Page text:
Submissions due October 25, 2019
"The Roy Rosenzweig Center for History and New Media invites submissions for the third annual Current Research in Digital History conference. Submissions should offer historical arguments and interpretations rather than showcase digital projects.
This initiative has three key features:
• A focus on presentations that make arguments and offers interpretations rather than discuss methodology or showcase digital collections, archives or platforms.
• A format of short presentations — 10 minutes / 2000 words — that offers the opportunity to make arguments on the basis of ongoing research in larger projects.
• After revisions, presentations will be published in a peer-reviewed open access, online journal that accommodates dynamic visualizations and narrative. You can see the first two issues of the journal at http://crdh.rrchnm.org/"
September 27, 2019
"In the public humanities, counter-mapping and “radical cartography” are emerging as powerful tools to critique institutional authority and imagine alternative ways of thinking about place. Radical Cartography Now brings together historians, activists, social practice artists, digital humanists, and community members whose maps reveal new histories, new knowledge and new ways of co-creating artwork in and with communities. Some of this work is driven by innovations in Geographic Information System (GIS) mapping technologies and their increasing ease of use, while other radical cartography projects are created by hand, often with the participation of artists or designers working with local communities. In the process, radical cartographers are changing the nature of maps, chipping away at what Benedict Anderson called “the alignment of map and [colonial] power,” and democratizing maps and map-making."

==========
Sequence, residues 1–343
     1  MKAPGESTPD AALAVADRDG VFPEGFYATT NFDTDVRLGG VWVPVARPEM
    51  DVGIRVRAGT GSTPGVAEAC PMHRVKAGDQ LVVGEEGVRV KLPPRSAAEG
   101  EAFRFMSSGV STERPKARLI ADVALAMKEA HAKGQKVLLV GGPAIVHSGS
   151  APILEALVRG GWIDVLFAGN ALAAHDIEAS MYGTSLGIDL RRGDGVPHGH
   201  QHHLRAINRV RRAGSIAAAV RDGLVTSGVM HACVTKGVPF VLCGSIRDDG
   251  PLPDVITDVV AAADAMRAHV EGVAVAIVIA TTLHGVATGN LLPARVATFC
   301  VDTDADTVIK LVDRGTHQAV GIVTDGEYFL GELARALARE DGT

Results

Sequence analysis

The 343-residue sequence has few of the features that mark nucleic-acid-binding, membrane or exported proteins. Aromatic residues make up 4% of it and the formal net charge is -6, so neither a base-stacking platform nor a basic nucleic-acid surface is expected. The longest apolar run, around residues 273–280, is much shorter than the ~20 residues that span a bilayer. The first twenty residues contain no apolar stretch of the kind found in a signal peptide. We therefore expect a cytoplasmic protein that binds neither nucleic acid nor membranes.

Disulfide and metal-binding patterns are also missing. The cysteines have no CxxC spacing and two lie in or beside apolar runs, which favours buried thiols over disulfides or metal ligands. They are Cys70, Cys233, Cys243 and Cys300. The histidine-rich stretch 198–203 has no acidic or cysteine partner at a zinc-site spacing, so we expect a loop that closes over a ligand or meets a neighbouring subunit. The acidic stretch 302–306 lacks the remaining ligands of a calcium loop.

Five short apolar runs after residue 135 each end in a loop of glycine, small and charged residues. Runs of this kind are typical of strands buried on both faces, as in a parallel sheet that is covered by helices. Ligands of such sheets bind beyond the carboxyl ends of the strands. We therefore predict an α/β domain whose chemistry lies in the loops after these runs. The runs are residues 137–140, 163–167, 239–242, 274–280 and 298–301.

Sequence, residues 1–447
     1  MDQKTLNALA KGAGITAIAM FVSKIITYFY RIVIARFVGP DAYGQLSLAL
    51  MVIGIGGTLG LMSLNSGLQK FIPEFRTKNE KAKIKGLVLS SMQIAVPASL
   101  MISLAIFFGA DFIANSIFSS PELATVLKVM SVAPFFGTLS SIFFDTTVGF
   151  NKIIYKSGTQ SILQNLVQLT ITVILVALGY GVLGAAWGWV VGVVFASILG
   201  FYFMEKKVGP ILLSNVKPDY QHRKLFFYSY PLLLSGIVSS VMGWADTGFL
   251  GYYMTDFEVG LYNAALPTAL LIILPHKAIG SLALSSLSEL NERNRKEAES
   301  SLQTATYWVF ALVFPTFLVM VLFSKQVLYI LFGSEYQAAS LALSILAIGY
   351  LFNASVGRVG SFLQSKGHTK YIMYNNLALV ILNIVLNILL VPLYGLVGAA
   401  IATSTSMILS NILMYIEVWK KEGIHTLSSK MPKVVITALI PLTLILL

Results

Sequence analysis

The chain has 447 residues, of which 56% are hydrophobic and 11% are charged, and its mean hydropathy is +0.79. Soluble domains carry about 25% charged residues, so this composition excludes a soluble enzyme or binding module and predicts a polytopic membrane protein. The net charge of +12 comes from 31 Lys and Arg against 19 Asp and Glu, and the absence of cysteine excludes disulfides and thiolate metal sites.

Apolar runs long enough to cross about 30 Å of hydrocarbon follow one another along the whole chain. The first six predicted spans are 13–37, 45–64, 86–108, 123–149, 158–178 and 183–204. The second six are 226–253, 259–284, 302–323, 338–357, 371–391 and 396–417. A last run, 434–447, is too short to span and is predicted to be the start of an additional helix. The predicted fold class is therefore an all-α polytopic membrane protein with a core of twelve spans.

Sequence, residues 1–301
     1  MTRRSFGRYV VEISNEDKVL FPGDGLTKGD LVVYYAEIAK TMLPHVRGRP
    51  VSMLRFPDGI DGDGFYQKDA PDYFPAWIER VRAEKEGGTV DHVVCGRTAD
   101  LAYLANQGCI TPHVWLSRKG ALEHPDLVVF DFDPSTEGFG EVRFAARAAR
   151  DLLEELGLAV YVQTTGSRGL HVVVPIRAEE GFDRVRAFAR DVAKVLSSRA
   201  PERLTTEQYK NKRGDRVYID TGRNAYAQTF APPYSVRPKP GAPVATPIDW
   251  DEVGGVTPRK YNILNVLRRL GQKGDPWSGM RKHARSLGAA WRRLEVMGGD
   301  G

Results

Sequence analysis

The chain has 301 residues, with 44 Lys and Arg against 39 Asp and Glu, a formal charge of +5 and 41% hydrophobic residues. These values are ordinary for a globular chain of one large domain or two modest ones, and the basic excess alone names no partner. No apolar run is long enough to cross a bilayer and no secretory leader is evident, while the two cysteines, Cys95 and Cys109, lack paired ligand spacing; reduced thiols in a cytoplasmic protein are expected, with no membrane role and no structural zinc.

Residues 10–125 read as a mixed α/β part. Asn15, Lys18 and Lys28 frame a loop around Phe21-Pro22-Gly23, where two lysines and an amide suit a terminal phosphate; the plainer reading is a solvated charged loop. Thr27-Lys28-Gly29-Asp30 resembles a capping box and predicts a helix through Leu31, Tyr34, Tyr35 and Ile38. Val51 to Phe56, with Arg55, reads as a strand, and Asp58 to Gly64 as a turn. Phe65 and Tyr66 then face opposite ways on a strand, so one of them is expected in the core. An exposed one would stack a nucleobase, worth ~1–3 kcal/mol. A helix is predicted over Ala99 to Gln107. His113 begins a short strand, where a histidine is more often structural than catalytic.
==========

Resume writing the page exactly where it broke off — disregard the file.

The conference is free, but registration is required. To see the program and a list of speakers, and to register, click here.
What is the History Design Studio?
The History Design Studio is a year-long workshop for developing, critiquing, and producing new projects in multimedia history. Workshops include group discussion, collaborative brainstorming, rapid prototyping exercises, and formal and informal group critique sessions with guest critics.
In addition to being a physical studio space in the Hutchins Center, equipped with hardware and software for multimedia production, HDS is also a community and network of like-minded scholars, invested in collaborative work and experimental narrative forms. All Harvard students and affiliates are welcome to participate. No design or art experience is necessary.